Earlier this week, my friend Sarah Dudney, a recruiter with the financial services search company, Lockwood Gibb and Assoc., spoke at Women in Banking and Finance in Edinburgh. I was struck and frustrated by what happens when she calls female potential candidates. She speaks to 100’s of people each week but when she approaches women about new jobs, they have a very different reaction to the men she calls. When she tells them about a new job opportunity, women will rule themselves out, while men will rule themselves in. Within the first few seconds of their conversation women will tell her why they aren’t qualified, or ready for that ‘big’ promotion, or it just wouldn’t work out. Men, on the other hand, will look for reasons the job may be appealing and talk themselves up during the initial conversation – even when they don’t have all the required skills. As a woman who wants to be seeing more women in senior roles, Sarah understandably finds this maddening. Me too!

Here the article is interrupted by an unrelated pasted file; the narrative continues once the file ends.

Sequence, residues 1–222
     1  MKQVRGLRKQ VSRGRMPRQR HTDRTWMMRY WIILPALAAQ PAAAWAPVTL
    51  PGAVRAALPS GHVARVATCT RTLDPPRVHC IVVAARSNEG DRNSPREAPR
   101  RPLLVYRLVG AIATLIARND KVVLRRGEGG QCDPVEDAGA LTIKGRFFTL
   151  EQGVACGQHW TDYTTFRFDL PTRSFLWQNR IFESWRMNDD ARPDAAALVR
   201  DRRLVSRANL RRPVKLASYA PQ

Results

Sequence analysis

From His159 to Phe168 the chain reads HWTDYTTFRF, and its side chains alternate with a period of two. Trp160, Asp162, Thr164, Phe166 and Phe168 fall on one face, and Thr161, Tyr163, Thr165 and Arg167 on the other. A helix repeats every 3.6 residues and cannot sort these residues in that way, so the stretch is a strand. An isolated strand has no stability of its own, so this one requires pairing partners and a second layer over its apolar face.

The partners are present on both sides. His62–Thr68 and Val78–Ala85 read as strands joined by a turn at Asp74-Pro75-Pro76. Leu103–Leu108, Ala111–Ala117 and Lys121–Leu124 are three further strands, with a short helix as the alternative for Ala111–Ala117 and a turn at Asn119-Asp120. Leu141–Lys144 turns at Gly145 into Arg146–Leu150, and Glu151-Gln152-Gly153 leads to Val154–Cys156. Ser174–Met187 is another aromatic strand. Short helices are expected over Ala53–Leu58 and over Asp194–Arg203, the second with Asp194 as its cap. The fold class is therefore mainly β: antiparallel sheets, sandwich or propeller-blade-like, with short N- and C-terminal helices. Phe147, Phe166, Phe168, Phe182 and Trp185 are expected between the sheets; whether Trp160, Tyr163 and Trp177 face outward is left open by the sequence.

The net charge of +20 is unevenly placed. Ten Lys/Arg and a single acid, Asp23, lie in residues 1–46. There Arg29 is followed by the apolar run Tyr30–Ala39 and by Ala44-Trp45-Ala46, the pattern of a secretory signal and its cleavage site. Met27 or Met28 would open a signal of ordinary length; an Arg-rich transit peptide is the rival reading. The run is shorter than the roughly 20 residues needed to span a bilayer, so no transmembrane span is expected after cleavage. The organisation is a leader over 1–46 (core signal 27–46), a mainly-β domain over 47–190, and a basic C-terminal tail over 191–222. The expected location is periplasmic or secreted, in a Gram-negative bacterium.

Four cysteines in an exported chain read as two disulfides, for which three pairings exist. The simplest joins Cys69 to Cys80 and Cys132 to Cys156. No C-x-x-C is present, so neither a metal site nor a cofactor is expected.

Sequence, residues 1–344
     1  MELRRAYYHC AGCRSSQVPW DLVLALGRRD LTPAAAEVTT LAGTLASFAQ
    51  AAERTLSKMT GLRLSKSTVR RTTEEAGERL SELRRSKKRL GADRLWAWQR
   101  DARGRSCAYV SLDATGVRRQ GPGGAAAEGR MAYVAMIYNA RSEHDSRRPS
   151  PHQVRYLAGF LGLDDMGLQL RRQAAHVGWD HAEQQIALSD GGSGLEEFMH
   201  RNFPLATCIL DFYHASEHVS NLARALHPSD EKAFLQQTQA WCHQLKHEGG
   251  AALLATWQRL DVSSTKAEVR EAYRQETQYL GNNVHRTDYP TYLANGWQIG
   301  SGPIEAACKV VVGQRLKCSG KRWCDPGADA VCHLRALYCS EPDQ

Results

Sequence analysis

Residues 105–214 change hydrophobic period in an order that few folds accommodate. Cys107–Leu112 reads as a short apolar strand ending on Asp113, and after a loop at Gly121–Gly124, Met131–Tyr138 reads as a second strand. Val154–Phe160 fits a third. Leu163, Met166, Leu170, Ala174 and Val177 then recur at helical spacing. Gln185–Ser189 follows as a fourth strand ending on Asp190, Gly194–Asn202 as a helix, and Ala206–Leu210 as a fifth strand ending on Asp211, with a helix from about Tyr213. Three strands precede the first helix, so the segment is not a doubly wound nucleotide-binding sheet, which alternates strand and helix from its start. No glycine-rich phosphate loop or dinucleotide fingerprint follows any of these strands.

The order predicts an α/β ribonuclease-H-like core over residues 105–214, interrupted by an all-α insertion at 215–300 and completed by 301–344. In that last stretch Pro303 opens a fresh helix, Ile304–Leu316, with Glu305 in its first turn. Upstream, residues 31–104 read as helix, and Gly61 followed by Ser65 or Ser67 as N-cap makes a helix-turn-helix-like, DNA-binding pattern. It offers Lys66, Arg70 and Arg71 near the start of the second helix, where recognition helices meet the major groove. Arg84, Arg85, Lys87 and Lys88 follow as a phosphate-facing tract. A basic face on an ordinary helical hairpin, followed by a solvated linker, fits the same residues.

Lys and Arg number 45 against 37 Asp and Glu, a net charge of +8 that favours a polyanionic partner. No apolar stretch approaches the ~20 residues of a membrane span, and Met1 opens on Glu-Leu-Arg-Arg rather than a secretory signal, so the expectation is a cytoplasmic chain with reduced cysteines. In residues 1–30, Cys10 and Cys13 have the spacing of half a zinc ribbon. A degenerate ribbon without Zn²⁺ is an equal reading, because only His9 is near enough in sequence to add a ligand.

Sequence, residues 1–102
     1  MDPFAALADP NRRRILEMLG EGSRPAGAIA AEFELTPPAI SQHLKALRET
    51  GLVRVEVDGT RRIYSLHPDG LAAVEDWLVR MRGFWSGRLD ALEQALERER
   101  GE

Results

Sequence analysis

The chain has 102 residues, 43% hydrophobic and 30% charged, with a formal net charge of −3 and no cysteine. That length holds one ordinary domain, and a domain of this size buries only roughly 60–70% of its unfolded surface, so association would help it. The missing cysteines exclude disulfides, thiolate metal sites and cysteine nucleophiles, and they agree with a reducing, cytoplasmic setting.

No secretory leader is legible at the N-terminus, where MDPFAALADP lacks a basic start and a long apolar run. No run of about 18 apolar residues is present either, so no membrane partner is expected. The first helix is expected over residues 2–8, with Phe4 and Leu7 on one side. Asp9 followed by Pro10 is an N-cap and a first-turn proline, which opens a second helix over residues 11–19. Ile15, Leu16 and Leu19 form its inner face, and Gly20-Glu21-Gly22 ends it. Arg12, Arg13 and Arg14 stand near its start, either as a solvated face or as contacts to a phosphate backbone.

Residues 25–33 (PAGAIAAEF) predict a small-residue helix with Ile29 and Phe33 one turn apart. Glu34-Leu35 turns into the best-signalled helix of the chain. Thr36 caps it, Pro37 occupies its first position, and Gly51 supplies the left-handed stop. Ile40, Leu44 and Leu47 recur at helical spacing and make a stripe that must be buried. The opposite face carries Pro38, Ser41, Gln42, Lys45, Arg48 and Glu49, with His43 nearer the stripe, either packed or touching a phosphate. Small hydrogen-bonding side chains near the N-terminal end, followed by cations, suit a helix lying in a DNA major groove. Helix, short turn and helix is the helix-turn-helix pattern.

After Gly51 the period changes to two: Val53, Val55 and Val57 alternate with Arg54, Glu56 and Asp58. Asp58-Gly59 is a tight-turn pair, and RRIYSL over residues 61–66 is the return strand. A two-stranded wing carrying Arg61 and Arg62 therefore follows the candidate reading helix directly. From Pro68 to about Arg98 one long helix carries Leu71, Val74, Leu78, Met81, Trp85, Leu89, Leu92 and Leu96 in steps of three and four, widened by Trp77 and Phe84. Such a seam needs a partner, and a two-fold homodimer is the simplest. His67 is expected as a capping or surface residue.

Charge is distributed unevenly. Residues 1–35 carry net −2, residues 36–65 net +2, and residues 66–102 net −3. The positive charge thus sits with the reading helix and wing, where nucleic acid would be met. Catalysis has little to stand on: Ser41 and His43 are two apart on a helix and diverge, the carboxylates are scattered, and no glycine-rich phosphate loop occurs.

In the first instance, when a recruiter calls, it’s a compliment – they have heard of you and want to know more. Even if you don’t think you are interested in a new job, for goodness sakes, hear them out! It is good for the ego if nothing else, but more importantly, it can be a confidence boost and give us a much needed wider perspective on how we are viewed and valued by the external world! I have worked with plenty of clients who are happily in jobs they would have never applied for, save for someone else; a recruiter or boss, who saw more potential in them than they initially saw in themselves. They are grateful for those conversations that got them thinking “What if….?” If the job isn’t right for you – be smart enough to say no thanks, make recommendations for others but most importantly say what you are looking for and that it’s not a case of ‘never’ but just ‘not now’. Recruiters need to know they can come back to you and get a favourable response– when the right opportunity appears. Read more about career planning here.